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Girls & Women

13-Year-Old Traded to Man for 50 Cattle as Child Marriages in South Sudan Rise

In this photo taken Sunday, July 30, 2017, Eliza, 17, who at age 13 was forced by her father to marry a 35-year-old man from their village in exchange for 50 cattle, stands next to crops in a courtyard in the town of Rumbek, South Sudan. The world's youngest nation is well into its fourth year of civil war and although child marriage has been a long-standing practice here, the government and aid agencies say the conflict-driven poverty and severe food insecurity are pushing people to desperate extremes. (AP Photo/Mariah Quesada)

Child marriage remains widespread in developing countries across the world.

More girls in South Sudan are marrying at a young age amid the mass displacement and starvation that have accompanied civil war there, according to international aid agencies.

Read More: South Sudan: The Deadly Consequences of Child Marriage

According to UNICEF, 9% of South Sudanese girls were married by age 15, and 52% were married before their 18th birthday, in 2015. In the Rumbek region, that figure has spiked to more than 60% over the last year, according to Isaac Karkon, head of South Sudan’s humanitarian arm in the region.

While child marriage is widely practiced, the increase has mostly been seen in the Lakes State and Babr el Ghazal regions in South Sudan. Cows are used for payments and dowries, which Human Rights Watch call a “key driver of child marriage” as families see daughters as a source of wealth.

Read More: Child Brides Sold For Cows: The Price of Being a Girl in South Sudan

Karkon said that people are dying from hunger. “So, if you have a mature daughter you give her up to let the rest survive,” Karkon told The Associated Press.

In 2012, 13-year-old Eliza was forced by her father to marry a 35-year-old man from their village in the South Sudan town of Rumbek. She was traded for 50 cattle, according to The Associated Press, which did not use the girl’s last name.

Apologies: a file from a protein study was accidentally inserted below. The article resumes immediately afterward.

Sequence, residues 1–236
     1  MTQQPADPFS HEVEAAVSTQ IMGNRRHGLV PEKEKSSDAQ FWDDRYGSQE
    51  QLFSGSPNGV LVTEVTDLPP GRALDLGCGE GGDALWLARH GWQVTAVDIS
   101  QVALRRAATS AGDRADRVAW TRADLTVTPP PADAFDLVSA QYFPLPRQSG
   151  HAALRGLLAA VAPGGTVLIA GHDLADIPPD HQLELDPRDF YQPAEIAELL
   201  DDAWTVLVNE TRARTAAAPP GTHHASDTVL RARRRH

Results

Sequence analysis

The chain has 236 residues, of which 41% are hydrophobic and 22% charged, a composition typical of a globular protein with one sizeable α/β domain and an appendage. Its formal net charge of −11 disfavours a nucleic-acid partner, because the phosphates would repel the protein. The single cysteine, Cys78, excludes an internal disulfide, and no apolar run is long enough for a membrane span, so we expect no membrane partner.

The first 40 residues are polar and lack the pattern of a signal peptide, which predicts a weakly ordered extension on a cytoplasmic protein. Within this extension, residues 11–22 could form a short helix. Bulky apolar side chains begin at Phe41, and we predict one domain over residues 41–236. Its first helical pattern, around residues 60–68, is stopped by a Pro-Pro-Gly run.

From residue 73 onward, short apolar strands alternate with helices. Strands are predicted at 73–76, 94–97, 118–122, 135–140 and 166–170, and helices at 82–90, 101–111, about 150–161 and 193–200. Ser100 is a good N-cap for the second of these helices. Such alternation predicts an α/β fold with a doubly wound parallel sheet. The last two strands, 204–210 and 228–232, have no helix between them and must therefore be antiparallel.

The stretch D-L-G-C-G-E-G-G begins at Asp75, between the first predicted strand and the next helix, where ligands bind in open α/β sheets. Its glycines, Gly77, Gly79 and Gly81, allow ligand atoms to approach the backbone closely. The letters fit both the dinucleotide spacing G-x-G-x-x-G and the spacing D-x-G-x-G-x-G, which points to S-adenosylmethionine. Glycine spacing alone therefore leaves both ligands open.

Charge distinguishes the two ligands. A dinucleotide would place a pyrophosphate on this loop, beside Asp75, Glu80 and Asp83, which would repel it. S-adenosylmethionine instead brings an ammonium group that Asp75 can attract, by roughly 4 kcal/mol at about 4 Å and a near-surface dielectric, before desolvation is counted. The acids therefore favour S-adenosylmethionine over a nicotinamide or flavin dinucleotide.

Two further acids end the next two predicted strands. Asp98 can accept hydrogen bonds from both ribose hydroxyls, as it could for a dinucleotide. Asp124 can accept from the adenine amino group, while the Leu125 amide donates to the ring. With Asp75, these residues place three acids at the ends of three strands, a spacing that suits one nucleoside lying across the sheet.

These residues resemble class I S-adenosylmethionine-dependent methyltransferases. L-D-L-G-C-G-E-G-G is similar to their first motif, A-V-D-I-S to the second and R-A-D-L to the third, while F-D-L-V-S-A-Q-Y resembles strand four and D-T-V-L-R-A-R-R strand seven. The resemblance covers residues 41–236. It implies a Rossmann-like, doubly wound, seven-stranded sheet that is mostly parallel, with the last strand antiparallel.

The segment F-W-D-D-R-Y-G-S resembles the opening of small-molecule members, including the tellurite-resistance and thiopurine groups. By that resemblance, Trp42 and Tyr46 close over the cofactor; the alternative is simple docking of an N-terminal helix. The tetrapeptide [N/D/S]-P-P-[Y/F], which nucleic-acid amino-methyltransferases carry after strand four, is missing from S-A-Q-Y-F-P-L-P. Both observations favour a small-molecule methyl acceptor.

“The worst part was having sex,” she told The Associated Press. “I don’t know what he wanted from me and it was so painful.”

Two years into the marriage at the age of 15, Eliza gave birth to a daughter. As the youngest of her husband’s five wives, she said he neglected her and the baby, never providing medicine. After a few years of marriage, Eliza’s father took her back. The husband didn’t pay the dowry and her father didn’t like the way she was being treated.

Today, Eliza is now studying to become a doctor, but she is the exception.

Some aid groups and local institutions are making efforts to reduce child marriage. South Sudan’s leaders should “choose to prioritize legislation that explicitly sets 18 as the minimum age of marriage,” The Human Rights Watch told the Associated Press.

“Poverty is pushing people into situations they might not have had to be in before,” said Sister Orla Treacy to The Associated Press, head of the Irish-run Loreto Secondary School in Rumbek, the region’s only all-girl boarding school.

Treacy and her staff require each girl’s guardian to sign a form promising not to remove the child from school until she has graduated. So far, it appears to be working. When the policy began in 2008, 50% of the girls were being taken out of school for early marriage. Now the number stands at less than 2%.

Child marriage remains widespread in developing countries across the world.

Read More: Educating Girls, Ending Child Marriage

According to the Council on Foreign Relations, women between the ages of 20 to 24 who report on being married before eighteen, are found in South Asia and West and Central Africa, where an estimated two out of five girls are married as children.

In Syrian refugee communities in Jordan, child marriage has rapidly increased. Between 2011 and 2014, the rates of child marriages almost tripled, from 12% to just under 32%. In Lebanon, 41% of young displaced Syrian women are married before eighteen, according to Girls Not Brides, a global partnership to end child marriage.  

Other countries included: Chad, northern Cameroon and Nigeria in Africa; Malaysia and Indonesia in Southeast Asia; and Afghanistan in the Middle East.

Global Citizen campaigns against child marriage, which often prevents girls from attaining a full education. You can take action here.